I realized that I had not fully explained the confusion behind my initial posting.
The problem is that there are multiple Jacob Olingers of the same generation with multiple possible fathers and that I cannot definitively identify which father is the father of my ancestor Jacob M. Olinger (b 24 Dec 1820), husband of Eva Zumbrun.
There are at least three, probably four, and maybe more Jacob Olingers of the same generation in Montgomery County. Marriage records show:
Jacob Olinger - Fanny Cunningham26 Apr 1835 Jacob Olinger - Mary Ann Hale1 Nov 1840 Jacob Olinger - Elizabeth Zumbrun2 Feb 1845 Jacob Olinger - Mary Ann Cunningham5 Mar 1846
Assuming widowers often remarry the sister of first wifes, the husband of Fanny Cunningham may be the same Jacob that married Mary Ann Cunningham.
Also, in the 1840 census, three heads of household have someone old enough to be father and have a young man in the right age range for a Jacob son:
Jacob Olinger (b 1777) of Jefferson Township 1 1 0 1 1 0 0 0 1 0 // 0 0 0 1 1 0 0 0 0 0 [Living alone in 1850 census, age 73. Known to have a son named Jacob]
John Olinger (b. 1776, wife Eva Kaegy) of Madison Township 01 0 2 0 0 0 0 1 0 // 0 0 1 0 0 0 0 1 0 0 [Known to have a son named Jacob]
Confusing matters further, there is a Jacob Olinger (b 1792) born in Montgomery Co who moved to Tuscarawa County, who had a son named Jacob (b Nov 1828) but according to an article published in the the Nov 1982 Laurel Messenger, p 61, Jacob (b 1828) died at the age of 21. There is also a Jacob Olinger (b Nov 1820) from Tuscarawas County, presumably son of another Olinger of the Brethren community there. Several genealogies on the web claim that this is the Jacob that married Elizabeth Zumbrun and moved to Whitley Co, In. However the birthdates and deathdates of the Tuscarawas Jacob do not match those of the Whitley Co Jacob. The Tuscarawas Jacob Olinger (b Nov 1820) moved to Koskiusko County, Indiana (next door to Whitley County, where Jacob (b. 24 Dec 1820) moved.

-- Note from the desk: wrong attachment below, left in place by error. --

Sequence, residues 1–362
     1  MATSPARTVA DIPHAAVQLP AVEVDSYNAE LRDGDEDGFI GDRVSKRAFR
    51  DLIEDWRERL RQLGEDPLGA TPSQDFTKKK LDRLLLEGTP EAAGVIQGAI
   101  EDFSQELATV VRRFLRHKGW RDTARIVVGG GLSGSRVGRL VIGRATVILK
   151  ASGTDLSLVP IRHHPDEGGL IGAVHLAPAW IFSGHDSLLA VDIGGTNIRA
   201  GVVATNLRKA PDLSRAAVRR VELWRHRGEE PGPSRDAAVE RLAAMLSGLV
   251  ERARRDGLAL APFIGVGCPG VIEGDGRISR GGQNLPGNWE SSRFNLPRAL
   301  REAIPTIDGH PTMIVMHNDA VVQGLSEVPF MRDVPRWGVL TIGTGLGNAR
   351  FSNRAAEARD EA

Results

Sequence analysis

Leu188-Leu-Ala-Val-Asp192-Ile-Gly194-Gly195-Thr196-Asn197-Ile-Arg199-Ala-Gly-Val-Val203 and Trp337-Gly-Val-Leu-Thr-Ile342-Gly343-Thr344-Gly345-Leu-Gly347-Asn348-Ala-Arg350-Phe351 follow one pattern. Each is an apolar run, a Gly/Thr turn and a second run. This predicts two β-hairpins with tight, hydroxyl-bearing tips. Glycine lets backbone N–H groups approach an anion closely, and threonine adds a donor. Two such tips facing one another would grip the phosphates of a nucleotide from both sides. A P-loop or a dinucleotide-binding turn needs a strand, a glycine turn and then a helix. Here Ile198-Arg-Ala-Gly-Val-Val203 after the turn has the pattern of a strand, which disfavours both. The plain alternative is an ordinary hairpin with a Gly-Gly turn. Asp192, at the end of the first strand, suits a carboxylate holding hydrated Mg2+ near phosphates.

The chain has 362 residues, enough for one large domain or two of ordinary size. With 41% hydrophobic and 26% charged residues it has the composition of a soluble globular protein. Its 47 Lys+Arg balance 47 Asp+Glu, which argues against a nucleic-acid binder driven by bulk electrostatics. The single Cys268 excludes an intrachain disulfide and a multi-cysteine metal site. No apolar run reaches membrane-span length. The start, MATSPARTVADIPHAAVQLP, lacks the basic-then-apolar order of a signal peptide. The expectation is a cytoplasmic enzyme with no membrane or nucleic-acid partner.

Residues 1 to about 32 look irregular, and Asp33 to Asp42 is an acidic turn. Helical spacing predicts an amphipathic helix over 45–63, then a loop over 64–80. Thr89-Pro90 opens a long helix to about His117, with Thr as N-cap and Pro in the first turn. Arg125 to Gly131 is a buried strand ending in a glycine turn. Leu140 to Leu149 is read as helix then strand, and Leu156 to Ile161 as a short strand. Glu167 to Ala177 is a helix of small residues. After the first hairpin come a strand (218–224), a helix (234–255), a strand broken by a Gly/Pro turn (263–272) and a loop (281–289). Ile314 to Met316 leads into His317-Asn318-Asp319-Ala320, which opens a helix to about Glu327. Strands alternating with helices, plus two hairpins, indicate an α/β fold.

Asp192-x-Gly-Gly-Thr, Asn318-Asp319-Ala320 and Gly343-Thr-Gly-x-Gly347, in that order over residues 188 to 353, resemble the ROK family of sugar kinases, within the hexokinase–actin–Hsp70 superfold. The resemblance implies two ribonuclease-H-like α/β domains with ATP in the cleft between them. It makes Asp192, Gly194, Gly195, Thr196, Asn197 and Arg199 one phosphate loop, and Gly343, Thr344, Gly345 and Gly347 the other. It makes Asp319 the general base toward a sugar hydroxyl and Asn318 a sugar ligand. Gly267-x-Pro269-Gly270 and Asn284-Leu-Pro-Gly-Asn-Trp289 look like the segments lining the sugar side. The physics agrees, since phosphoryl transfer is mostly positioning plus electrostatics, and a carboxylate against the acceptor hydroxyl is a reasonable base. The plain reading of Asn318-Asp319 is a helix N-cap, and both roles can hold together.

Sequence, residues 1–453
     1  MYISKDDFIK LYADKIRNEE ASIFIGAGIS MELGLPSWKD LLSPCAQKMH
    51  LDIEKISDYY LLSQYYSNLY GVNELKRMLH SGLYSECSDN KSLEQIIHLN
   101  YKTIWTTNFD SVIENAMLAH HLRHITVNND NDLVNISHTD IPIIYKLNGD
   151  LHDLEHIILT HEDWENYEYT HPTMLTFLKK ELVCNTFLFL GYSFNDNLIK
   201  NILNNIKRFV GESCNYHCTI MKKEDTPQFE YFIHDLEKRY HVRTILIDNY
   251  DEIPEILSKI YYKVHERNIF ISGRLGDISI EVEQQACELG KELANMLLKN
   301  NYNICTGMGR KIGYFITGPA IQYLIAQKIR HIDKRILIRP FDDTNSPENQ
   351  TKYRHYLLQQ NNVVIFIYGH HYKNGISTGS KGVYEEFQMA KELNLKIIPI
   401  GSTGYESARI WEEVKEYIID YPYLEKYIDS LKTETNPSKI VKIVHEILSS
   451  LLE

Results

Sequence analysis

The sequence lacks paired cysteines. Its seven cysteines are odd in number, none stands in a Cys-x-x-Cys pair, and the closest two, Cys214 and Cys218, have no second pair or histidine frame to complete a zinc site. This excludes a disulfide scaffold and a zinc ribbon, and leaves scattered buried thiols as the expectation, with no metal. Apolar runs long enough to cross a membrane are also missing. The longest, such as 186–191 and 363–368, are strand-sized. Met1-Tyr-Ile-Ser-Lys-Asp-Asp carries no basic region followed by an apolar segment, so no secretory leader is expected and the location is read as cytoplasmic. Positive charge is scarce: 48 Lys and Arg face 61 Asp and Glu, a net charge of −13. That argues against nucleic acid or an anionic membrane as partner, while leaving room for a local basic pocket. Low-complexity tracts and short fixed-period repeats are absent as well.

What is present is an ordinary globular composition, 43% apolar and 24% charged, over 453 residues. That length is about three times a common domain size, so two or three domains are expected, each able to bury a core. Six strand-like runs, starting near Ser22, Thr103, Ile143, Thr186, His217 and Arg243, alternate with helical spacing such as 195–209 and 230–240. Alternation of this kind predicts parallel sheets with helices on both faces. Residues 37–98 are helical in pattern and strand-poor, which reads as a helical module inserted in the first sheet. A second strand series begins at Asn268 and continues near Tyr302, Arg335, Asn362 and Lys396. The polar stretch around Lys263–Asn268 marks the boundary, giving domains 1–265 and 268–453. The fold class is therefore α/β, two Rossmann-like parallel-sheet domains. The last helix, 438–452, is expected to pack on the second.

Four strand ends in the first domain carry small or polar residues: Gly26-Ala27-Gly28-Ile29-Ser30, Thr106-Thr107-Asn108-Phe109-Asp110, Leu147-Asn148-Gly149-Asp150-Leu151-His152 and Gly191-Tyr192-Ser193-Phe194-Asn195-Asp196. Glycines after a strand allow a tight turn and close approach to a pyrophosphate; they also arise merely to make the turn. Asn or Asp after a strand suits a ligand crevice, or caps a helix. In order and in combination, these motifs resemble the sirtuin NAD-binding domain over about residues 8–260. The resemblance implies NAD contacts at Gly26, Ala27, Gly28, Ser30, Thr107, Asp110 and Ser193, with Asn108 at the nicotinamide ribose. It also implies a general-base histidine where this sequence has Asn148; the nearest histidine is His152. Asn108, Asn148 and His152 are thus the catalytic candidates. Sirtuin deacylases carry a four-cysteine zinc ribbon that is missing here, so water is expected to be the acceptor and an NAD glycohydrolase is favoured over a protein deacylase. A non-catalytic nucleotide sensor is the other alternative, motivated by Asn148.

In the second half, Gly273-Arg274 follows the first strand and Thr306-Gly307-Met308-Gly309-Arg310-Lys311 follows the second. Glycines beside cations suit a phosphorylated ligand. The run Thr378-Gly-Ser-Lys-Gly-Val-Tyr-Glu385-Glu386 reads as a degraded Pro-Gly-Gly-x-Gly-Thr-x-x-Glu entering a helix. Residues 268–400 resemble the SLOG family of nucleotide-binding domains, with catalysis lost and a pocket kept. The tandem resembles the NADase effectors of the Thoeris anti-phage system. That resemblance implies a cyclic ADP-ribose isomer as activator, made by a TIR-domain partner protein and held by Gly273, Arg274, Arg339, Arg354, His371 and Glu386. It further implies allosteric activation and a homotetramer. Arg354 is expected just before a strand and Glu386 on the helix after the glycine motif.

I found the estate packet for John (b 1776, Eva's husband), which listed Jacob as an heir. I even have a photo of Jacob's signature, but there was nothing that identified John's son as my gggrandfather. If all else fails, I can take the signature to Whitley County and compare it to Jacob's signatures on deeds and mortgages.
In all this confusion, the main evidence I've found for linking John (b 1776) and Eva to Jacob (b Dec 1820) and Elizabeth is geographical proximity (both families being neighbors in the same township). According to Gale Honeyman, a genealogist working at the Church of the Brethren Heritage Center, families almost always married close neighbors.
But, there is a possible contradicting piece of evidence: my Jacob's middle initial is "M" (from his tombstone). Gale Honeyman confirmed that early German families favored the use of mother's maiden name as middle initials of sons, especially when the father's first name is the same as the son. So, John and Eva Kaegy Olinger named their other son John K. Olinger.
Gale agreed with me that geographic proximity probably trumps the middle initial mismatch.
I photocopied nearly everything I could find on Olingers from the Church of the Brethren library and have not finished digesting it, but have not seen anything promising.
So, have you have found something more definitive that ties Jacob (b. Dec 1820) to John (b 1776) and Eva?
If you'd like to take the discussion off-forum, my email address is email@example.com.